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Being a great leader

Some people are born to lead, or so the saying goes, but is that true? Can a Great leader not be created too? There are certain character traits which are composite to leadership, but with understanding of what is involved it should be possible to hone these skills and become a Great Leader.

What is involved in Leadership?

In order to be a leader, one must have a willing team to lead. Whether this is a nation, a multi-billion dollar business, or indeed a small team the principles are the same. From this point on, great leadership is about belief and reflection. Show your team what the desirable characteristics are and they will reflect them back to you to create the end goal.

Communication

Speaking and listening are key skills for a great leader. Feedback takes its place here, and in the emotional intelligence section as it fosters respect between the leadership and the masses. A good leader needs to be able to communicate effectively with people at all levels. Oration at meetings, presentations and conferences can certainly make or break someone’s credibility. If the vision is there but the delivery is lacking then the audience is unable to connect and be swept up in the excitement of the journey.

Positivity

Intrinsically interwoven with the skills of communication is the essential art of Positivity. To remain positive in the face of the inevitable spanner in the works or the odd derailment to a project is an essential part of leadership. Your team, however big, will take their lead from you. If you react to an issue in a negative way, then so will your team. If you appear to take it in your stride, the team will react in the same way, with a positive confidence.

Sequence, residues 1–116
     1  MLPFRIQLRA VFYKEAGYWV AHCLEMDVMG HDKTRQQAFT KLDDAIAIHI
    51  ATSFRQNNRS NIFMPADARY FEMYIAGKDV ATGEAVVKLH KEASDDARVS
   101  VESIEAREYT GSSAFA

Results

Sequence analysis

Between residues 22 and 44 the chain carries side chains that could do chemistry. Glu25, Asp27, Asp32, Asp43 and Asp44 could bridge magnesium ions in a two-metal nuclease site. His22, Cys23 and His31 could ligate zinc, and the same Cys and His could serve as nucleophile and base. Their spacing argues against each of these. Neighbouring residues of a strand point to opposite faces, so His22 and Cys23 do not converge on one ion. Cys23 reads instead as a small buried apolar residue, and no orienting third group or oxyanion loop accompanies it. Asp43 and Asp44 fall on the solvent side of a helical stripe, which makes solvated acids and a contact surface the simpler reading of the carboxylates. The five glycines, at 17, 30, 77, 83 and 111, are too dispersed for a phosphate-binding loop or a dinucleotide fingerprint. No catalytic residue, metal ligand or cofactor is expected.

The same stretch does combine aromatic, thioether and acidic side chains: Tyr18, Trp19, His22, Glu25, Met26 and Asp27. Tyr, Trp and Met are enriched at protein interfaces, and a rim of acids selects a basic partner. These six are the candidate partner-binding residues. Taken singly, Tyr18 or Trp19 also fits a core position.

Confidence

Confidence is key. If you believe in your end goal then it is easier to sell it to others. It aids communication and helps maintain a positive outlook. Confidence in oneself is an essential part of being a leader, but having confidence in others to help fulfil to vision is also integral to building a positive working environment. A crowd can be a skittish and flighty creature! Group consciousness can work in your favour, or indeed against you, so maintaining high morale within your workforce is imperative.

Emotional Intelligence

Morale can also be one of those things that can seem beyond your control. Individuals are motivated by a variety of factors based on their personal need. Some benefit from monetary gain over and above all else, while some require nurturing and praising to maintain their sense of value. In order to ensure each member of the team is working to their optimum, a great leader needs to have empathy and strong emotional intelligence.

To be able to recognise feelings and emotions in yourself and others and the effects this can have on behaviour is a soft skill that has in recent years seen a growth in importance in business management. It aids in the incentivising of the workforce, and is part of remaining positive and confident. But it also helps to increase respect within the team; not just from the group toward the leader, but essentially from the leader towards their team.

Commitment

Underpinning many of these traits is the demonstrable commitment that the leader can show. If commitment is shown towards the project, the team and to an honest and ethical approach to achieving it, then respect and morale levels will be high with team buy in. If the person in charge does not show the commitment needed to see a project through, then quickly the team will reflect that back.

These skills are inherent in all of us to greater or lesser extent. It takes understanding of yourself to know which ones are in need of some work, but they do say “Cometh the hour, Cometh the man”. With some training, and some corporate team building activities the hour could be yours to shine.